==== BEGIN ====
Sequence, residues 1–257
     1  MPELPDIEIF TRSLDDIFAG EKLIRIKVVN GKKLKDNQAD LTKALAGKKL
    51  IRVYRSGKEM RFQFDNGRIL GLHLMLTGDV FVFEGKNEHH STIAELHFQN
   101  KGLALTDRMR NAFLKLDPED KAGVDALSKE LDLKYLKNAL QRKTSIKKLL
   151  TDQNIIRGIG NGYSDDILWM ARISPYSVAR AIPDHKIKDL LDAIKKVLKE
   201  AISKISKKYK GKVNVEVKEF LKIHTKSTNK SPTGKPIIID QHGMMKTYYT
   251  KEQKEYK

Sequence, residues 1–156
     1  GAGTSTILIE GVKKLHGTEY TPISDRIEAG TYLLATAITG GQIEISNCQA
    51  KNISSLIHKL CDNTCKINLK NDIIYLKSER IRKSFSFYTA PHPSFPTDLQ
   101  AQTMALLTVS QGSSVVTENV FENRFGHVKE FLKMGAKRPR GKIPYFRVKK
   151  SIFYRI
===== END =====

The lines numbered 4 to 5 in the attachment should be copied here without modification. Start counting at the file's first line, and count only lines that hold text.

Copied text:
   101  KGLALTDRMR NAFLKLDPED KAGVDALSKE LDLKYLKNAL QRKTSIKKLL
   151  TDQNIIRGIG NGYSDDILWM ARISPYSVAR AIPDHKIKDL LDAIKKVLKE